Sometimes, when I show up to collect time cards on Friday, an employee will go to his truck and fill out the entire week then and there. Though I frown on that, if his only activity that week was roof framing, I’m not going to come down too hard. If he was moving between multiple jobs or tasks, however, he’ll get a reminder to stick to the end-of-day routine.
If I’m not working on the job myself, I try to at least visit every day. That way, I have a general sense of the time cards’ accuracy. I enter general notes about the weather and work progress on my desk calendar for later comparison.
finish carpentry contractor would not use such broad categories but would opt instead for greater detail of fewer tasks. For example, interior trim might be broken down into baseboards, closets, doors, casings, and built-ins. The idea is to generate detail that relates to your specific business structure.We’re licensed for commercial and residential work, but most of the time we build new homes and remodel. The time card includes a list of 28 tasks, with a code number for each. These are tasks that we frequently perform, some more than others. A
Next to each task is a code number. The numbers aren’t in ascending order but jump around. I adapted my code numbers from Home Tech’s estimating manuals, the system I currently use. I used to use MacNail Estimating and the CSI code structure, so my time cards from that period reflected the CSI structure. The point is to have the task codes mirror your estimating and accounting systems. That makes the transfer of information easier.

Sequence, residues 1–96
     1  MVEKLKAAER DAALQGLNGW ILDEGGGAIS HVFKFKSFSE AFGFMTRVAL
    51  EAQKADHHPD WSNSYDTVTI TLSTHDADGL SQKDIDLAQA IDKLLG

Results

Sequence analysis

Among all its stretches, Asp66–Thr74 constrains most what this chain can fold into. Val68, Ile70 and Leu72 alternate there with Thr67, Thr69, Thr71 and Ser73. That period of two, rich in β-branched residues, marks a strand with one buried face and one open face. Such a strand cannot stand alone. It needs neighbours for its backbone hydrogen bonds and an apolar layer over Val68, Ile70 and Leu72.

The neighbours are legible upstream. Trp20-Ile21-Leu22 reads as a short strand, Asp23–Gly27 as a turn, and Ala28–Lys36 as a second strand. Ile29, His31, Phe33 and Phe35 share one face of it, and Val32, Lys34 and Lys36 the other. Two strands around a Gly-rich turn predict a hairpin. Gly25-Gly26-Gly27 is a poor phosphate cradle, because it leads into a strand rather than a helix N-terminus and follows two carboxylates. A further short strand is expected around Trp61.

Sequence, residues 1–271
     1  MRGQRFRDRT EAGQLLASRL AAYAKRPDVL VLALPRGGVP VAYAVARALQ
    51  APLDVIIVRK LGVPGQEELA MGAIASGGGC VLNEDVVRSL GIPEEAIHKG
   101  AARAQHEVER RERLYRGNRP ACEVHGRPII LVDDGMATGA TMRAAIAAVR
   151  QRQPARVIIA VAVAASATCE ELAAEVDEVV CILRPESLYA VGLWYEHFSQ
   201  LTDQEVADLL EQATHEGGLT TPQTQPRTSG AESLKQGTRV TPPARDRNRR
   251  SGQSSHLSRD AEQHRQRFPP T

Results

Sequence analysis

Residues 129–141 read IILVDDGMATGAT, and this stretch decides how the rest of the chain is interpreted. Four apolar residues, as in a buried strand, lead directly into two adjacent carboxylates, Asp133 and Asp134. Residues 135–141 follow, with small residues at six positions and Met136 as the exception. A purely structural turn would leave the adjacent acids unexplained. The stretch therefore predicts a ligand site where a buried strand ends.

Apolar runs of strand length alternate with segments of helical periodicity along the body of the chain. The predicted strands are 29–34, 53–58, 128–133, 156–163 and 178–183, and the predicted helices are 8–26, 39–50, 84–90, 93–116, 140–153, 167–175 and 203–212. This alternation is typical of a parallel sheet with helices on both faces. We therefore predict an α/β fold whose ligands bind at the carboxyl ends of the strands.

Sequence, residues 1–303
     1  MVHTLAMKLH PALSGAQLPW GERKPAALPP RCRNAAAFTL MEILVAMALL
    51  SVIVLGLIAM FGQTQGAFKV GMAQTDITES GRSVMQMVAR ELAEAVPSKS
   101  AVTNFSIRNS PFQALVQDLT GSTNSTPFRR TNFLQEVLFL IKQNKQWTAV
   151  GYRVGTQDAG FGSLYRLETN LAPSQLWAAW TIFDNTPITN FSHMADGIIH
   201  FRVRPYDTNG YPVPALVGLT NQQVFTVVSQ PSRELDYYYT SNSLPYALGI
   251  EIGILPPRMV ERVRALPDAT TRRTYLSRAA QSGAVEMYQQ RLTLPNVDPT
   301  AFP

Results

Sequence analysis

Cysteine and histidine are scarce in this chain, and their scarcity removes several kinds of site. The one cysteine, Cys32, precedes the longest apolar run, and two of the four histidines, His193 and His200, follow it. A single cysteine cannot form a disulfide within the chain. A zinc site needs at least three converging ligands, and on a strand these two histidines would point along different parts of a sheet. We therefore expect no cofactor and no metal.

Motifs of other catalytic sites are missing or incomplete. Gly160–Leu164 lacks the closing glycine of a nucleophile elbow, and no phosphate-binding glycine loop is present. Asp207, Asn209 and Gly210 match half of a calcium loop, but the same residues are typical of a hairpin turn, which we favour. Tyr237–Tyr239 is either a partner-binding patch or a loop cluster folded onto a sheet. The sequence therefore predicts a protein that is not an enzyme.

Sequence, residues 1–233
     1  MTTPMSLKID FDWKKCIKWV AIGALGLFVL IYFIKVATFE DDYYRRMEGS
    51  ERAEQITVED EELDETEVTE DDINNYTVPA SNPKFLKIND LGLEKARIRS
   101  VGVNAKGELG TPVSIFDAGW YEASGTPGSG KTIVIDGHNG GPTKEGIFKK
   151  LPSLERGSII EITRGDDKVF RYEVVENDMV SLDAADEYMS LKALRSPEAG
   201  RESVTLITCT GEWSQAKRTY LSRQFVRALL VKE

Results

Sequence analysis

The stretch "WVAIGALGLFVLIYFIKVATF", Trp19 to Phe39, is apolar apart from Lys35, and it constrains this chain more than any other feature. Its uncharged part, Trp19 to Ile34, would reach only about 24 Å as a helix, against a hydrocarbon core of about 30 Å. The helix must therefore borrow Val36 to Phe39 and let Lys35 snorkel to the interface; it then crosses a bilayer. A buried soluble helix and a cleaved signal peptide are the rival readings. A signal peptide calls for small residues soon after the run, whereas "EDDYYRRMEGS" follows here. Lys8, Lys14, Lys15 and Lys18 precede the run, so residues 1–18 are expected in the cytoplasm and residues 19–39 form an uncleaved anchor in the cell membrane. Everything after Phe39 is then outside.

My time card is all tasks, but you could create a couple of line items for specialty equipment you want to track. For instance, I might enter a Bobcat on my time card with a code number of 3.01, which ties it to Excavation.
If there’s a special item I want to track, such as a change order, I have the employees note it specifically on the time card. I can then invoice the change order for the proper amount.
I deliver the paychecks every Friday. I fold the new week’s time card into thirds, as if it were going into an envelope, write the employee’s name on the back, and insert his or her paycheck. This creates kind of a subliminal message about the importance of the card — it’s carrying the paycheck. When I hand over the new time card and paycheck, they turn in the current week’s time card. You can imagine what some of these cards look like after a week on the job — crumpled, coffee stained, tattered, notes and phone numbers scratched on the back. Some are neatly filled out in pen; others are scribbled in bold carpenter’s pencil. The same job may be variously identified by client name, job address, or only the section of the county worked in. As long as we have accurate numbers, and accounts to invoice, I’m not fussy about the rest. But I do stress accuracy. Once we held a company meeting to raise accuracy awareness and explained the accumulated impact of a mere 10 minutes unaccounted for per day. Ten minutes, times our billing rate, times five or six employees, times 250 days (five days a week for 50 weeks) per year, adds up to quite a chunk of money.